If one is standing still and another advances
they are both moving relative to each other.

If one advances and the other steps back at the same time keeping relative distance and position they are keeping a frame of reference with respect to each other they are not moving.

All motions are relative to some frame of reference. Saying that a body is at rest, which means that it is not in motion, merely means that it is being described with respect to a frame of reference that is moving together with the body.
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Re: Tai Chi Fighting Strategy

Postby middleway on Wed Sep 19, 2018 6:53 am

The basic strategy is dependent on a skill set rather unique to taiji, expressed in different ways according to stylistic interpretations
of the founders.

Crashing in, collapsing, coming away, and resistance will lose in a fight, and so they are called mistakes. If you neglect sticking, adhering, connecting, and following, you will not be able to achieve moving with awareness.


https://brennantranslation.wordpress.co ... i-fa-shuo/

sticking, adhering, connection and following is the basic skill set. It has nothing to do with attacking nor defending another distinction that
separates taiji from other arts although it may take a while before some understand this.


The quote you posted refers to moving with awareness, Here we are talking about fighting an aggressor or many. Really that sort of quote is precisely what i was not looking for from this thread ... more information from some founder or other, removed from the moment by decades or centuries. I really dont care what founders say, its what people alive today do, and how they approach the training that this thread refers to.

Let me re-iterate the theme of the thread:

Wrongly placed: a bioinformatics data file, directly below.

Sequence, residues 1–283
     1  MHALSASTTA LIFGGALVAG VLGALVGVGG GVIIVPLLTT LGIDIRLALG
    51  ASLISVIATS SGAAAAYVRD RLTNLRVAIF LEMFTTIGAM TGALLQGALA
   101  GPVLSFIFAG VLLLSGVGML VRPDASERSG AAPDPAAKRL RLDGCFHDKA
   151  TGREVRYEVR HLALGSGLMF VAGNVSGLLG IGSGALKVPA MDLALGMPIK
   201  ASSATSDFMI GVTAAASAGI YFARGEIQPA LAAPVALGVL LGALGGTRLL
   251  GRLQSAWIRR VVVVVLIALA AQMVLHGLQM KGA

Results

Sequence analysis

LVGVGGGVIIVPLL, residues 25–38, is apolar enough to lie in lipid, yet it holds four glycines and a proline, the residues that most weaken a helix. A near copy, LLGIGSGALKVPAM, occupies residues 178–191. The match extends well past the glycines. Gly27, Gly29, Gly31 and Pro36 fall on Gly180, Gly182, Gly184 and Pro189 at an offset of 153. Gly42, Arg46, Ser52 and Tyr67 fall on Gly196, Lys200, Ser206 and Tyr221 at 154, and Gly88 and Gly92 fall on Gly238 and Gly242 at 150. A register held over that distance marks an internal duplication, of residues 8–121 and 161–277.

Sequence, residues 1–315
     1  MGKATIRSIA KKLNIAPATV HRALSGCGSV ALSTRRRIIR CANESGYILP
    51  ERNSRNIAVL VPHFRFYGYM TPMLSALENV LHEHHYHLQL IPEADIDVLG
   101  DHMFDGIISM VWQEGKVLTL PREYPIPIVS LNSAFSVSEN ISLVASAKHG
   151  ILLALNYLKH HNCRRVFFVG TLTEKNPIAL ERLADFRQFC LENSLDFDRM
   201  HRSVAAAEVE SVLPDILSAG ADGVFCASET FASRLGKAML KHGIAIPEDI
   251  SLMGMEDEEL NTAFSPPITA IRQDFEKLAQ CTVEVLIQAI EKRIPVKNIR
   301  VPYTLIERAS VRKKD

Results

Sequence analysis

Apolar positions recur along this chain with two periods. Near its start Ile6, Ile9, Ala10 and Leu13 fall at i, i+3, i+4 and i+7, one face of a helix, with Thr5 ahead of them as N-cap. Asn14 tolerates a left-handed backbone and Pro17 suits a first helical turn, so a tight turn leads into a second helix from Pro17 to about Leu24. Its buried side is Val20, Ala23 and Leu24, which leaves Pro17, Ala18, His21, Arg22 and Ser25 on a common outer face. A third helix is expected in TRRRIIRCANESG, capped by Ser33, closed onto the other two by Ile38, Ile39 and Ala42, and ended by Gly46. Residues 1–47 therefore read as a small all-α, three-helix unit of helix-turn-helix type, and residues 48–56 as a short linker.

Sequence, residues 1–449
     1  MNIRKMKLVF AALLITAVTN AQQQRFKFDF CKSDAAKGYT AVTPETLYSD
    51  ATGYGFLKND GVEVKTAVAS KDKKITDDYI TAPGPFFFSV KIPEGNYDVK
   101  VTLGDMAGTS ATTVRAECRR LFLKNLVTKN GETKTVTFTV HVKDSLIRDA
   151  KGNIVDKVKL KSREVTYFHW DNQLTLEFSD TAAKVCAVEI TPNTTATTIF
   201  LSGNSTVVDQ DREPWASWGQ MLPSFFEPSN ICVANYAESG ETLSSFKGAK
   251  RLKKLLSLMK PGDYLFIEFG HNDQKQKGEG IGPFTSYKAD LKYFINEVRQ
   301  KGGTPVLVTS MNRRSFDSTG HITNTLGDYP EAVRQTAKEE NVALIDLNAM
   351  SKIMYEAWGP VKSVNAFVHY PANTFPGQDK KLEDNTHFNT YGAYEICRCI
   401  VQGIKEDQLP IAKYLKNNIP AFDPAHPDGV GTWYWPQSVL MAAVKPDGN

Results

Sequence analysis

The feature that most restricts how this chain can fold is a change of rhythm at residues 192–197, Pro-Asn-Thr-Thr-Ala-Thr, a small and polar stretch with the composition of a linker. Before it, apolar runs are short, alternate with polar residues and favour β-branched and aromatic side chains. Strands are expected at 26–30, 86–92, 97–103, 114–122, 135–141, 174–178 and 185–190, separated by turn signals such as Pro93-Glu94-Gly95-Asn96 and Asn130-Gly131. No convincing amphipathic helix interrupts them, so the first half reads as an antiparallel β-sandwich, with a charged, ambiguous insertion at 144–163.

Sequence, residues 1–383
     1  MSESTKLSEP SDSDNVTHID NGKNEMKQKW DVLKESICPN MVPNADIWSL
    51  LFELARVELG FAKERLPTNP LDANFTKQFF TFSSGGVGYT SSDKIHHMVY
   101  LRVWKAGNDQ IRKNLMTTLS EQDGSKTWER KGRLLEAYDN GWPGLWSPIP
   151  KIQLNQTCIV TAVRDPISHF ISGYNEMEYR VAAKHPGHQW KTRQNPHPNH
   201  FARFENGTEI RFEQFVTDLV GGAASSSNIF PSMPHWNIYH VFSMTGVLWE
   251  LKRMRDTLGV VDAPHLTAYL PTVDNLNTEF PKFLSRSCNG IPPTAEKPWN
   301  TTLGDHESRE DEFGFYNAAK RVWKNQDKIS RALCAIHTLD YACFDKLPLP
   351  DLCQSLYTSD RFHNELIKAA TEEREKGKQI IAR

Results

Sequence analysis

an exploration of peoples personal definition regarding Tai Chi Chuans strategy for combat/fighting


Can you share yours?

Further, I have a question, Can someone offbalance an opponent as a result of "sticking, adhering, connection and following"? If so, then my definition of the strategy still holds well.

thanks
Last edited by middleway on Wed Sep 19, 2018 6:58 am, edited 1 time in total.
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Re: Tai Chi Fighting Strategy

Postby middleway on Wed Sep 19, 2018 6:57 am

If one is standing still and another advances
they are both moving relative to each other.

If one advances and the other steps back at the same time keeping relative distance and position they are keeping a frame of reference with respect to each other they are not moving.


Forget relative to each other, it is relative to the position on the surface of the earth that matters ... that is the frame of reference for humans 'moving'. If one advances and the other retreats at the same rate they are both moving relative to the original position on the earth.

We dont care during martial interaction that we are on a spinning planet that is spiralling through the universe.

Similarly if someone stands still in relation to the surface of the earth and i move towards their face with a punch, they will not care what the science of their relative position to me will be, they will be more concerned with finding a good dentist.

Sometimes we need to be a bit more practical ... hence this thread.
Last edited by middleway on Wed Sep 19, 2018 7:02 am, edited 4 times in total.
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Re: Tai Chi Fighting Strategy

Postby GrahamB on Wed Sep 19, 2018 7:04 am

Chris,

In a way I think the question is too general. I looks to me like "Tai Chi" has evolved into a set of different sub-styles that have different strategies ranging from the 'hard' to the 'soft' and everything in between. Competition style seems different to street style, etc..

But even historically, I think the styles descended from Yang LuChan (Wu, Yang, Cheng, etc) might have a different strategy from the original Chen style. I don't know enough about Chen style to know, but it seems different to me.

But then some people will say "there is only one Tai Chi", but I think if you look at the reality of what people actually do, that's not true.

In another way (for the Yang Luchan varients) the question has already been answered with the Tai Chi classics. In particular, the Treatise of Tai Chi Chuan sums up a stategy for the art:

T'ai Chi [Supreme Ultimate] comes from Wu Chi [Formless Void]
and is the mother of yin and yang.
In motion T'ai Chi separates;
in stillness yin and yang fuse and return to Wu Chi.

It is not excessive or deficient;
it follows a bending, adheres to an extension.

When the opponent is hard and I am soft,
it is called tsou [yielding].

When I follow the opponent and he becomes backed up,